Eye Problems with Diabetes

Diabetes can affect your health in a variety of ways and cause a number of different eye problems. In fact, diabetes is the number one cause of blindness in the U.S., and people with diabetes are 25 times more likely to lose vision than those who are not diabetic. Elmquist Eye Group can help you safeguard your eyesight.

Eye Problems with DiabetesElmquist Eye Group has served Lee County and Southwest Florida for more than 20 years. E. Trevor Elmquist, DO, his partner, Kate Wagner, OD, and his associate, Nina Burt, OD, provide a complete range of eye care services, including comprehensive eye exams and diagnosis and treatment of cataracts, macular degeneration, diabetic eye disease, dry eyes, glaucoma, presbyopia, myopia, hyperopia and other eye conditions.

Dr. Elmquist is an experienced board certified ophthalmologist.  He specializes in general ophthalmology and cataract surgery.  He has been selected as one of America’s Top Doctors by Castle Connolly Medical Ltd. based on nominations from other physicians. Drs. Wagner and Burt are skilled board certified optometrists.

How Diabetes Affects Your Eyes

High blood sugar from diabetes can damage four parts of your eye:

  • Retina. The retina is the light-sensitive tissue that lines the back wall of the eye. It converts light coming into your eye into visual messages and transmits them through the optic nerve to your brain. Prolonged periods of high blood sugar can damage the blood vessels of the retinal tissue, causing them to bleed or leak fluid. This is called non-proliferative diabetic retinopathy (NPDR).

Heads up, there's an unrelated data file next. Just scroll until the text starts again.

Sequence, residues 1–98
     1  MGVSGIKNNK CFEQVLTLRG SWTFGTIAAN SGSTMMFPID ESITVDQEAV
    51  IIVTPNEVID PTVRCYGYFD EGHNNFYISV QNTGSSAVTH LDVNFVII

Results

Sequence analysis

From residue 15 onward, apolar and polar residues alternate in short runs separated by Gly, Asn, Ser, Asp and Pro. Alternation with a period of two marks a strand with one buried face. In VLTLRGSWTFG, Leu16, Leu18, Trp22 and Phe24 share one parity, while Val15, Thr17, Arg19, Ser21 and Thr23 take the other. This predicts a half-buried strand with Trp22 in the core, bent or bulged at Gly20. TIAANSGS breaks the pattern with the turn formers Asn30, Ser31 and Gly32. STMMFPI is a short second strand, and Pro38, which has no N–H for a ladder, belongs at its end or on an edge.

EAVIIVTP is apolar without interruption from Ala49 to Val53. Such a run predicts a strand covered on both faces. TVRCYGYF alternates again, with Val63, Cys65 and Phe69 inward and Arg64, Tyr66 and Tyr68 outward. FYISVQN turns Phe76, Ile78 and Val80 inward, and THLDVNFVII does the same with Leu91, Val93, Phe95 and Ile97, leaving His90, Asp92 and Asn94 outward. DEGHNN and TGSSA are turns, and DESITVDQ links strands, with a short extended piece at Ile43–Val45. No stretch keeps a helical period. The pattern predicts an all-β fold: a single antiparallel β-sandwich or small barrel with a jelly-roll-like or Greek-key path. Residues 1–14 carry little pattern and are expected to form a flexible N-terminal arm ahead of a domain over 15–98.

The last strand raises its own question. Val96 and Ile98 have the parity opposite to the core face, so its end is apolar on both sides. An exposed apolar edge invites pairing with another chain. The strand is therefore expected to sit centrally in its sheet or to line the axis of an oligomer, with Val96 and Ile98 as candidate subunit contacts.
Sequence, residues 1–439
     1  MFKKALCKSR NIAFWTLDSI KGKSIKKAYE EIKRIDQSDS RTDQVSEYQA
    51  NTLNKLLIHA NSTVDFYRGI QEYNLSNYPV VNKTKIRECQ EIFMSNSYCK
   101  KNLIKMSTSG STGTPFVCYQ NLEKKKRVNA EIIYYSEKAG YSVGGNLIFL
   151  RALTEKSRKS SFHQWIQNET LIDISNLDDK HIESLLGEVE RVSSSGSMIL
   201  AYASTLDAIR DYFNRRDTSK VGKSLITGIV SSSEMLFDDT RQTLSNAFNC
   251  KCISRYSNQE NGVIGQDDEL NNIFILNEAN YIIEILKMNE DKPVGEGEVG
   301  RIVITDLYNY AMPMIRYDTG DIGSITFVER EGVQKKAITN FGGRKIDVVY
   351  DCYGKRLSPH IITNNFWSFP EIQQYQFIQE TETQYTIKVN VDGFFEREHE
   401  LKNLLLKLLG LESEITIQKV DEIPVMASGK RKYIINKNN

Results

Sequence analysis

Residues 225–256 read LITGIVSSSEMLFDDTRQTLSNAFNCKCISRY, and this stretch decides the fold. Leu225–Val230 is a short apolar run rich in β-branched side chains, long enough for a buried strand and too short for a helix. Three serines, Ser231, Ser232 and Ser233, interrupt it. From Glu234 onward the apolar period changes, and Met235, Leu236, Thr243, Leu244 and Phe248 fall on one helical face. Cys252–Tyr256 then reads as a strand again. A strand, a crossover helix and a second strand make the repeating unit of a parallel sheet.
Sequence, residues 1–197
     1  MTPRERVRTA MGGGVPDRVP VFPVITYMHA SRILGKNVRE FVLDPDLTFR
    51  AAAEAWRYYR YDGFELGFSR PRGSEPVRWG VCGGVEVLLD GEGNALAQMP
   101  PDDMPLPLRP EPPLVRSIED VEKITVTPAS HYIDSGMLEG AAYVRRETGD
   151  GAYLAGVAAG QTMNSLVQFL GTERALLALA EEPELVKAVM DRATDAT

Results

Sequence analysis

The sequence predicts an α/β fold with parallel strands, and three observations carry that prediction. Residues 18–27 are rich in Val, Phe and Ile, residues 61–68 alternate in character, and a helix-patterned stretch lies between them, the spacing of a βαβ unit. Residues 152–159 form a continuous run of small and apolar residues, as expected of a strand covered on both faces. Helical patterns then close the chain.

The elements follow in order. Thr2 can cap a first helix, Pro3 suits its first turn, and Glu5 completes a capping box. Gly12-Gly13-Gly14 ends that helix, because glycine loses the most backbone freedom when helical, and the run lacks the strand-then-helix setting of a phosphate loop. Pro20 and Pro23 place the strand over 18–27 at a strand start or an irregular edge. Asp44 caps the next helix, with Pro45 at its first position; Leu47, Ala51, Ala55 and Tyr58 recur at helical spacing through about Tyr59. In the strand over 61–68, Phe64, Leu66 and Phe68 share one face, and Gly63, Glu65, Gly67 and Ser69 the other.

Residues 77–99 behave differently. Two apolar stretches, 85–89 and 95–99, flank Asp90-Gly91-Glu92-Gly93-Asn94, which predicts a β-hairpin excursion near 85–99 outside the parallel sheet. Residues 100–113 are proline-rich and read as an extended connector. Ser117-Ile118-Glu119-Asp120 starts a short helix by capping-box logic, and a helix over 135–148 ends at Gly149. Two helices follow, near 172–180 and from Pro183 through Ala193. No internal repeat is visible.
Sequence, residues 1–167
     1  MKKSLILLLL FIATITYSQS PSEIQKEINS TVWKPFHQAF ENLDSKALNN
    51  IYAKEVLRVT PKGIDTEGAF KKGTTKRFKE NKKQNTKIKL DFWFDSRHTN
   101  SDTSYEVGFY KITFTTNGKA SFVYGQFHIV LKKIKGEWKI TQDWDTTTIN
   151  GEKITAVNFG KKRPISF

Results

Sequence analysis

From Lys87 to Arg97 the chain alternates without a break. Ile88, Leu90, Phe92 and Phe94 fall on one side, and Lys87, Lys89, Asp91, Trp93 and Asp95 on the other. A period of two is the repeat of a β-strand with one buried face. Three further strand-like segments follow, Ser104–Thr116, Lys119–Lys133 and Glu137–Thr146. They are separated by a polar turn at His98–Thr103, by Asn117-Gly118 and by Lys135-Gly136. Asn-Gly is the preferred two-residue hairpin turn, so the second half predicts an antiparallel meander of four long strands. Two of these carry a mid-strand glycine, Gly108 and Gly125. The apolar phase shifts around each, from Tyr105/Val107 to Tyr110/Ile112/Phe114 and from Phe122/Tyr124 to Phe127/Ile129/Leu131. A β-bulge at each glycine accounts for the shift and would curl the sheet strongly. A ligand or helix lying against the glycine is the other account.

• Vitreous gel. The vitreous gel (sometimes called vitreous humor) is a colorless gel that fills the space at the rear of your eye between the retina and the lens. In a more advanced form of diabetic retinopathy, called proliferative diabetic retinopathy (PDR), new fragile blood vessels can begin to grow in the retina and leak blood into the vitreous gel, causing vision loss. PDR can also cause detachment of the retina or glaucoma.
  • Lens. The lens is located just behind the iris (the colored part of the eye) and the pupil. It is normally clear and helps to focus light on the retina. In patients with diabetes, poorly controlled high blood sugar can cause fluid to accumulate in the lens, changing its curvature and causing blurred vision. Also, as we age, proteins in the lens start to break down, causing it to gradually thicken and become cloudy. This is called a cataract, and it can also cause your vision to become blurred or dim. Diabetes can speed up the formation of cataracts. Constant fluctuations in blood sugars can accelerate the clouding of the lens and cause cataracts to occur at an earlier age.
  • Optic nerve. The optic nerve is located at the back of your eye. It connects the eye to the brain, carrying visual messages from the retina. Extremely high pressure in the eye caused by proliferative diabetic retinopathy can result in glaucoma which causes progressive damage to the optic nerve. If left untreated, it can cause loss of vision and even blindness.

Importance of Eye Exams

The American Optometric Association recommends that everyone with diabetes have a comprehensive dilated eye examination once a year. Early detection and treatment of diabetic eye disease can help you avoid substantial vision loss.

At Elmquist Eye Group we perform a thorough retinal exam through dilated pupils to check for any eye problems related to diabetes, including diabetic retinopathy.  Don’t wait until you can’t see well enough to complete everyday tasks. Call us today at (239) 936-2020 to schedule an eye exam and protect your good vision.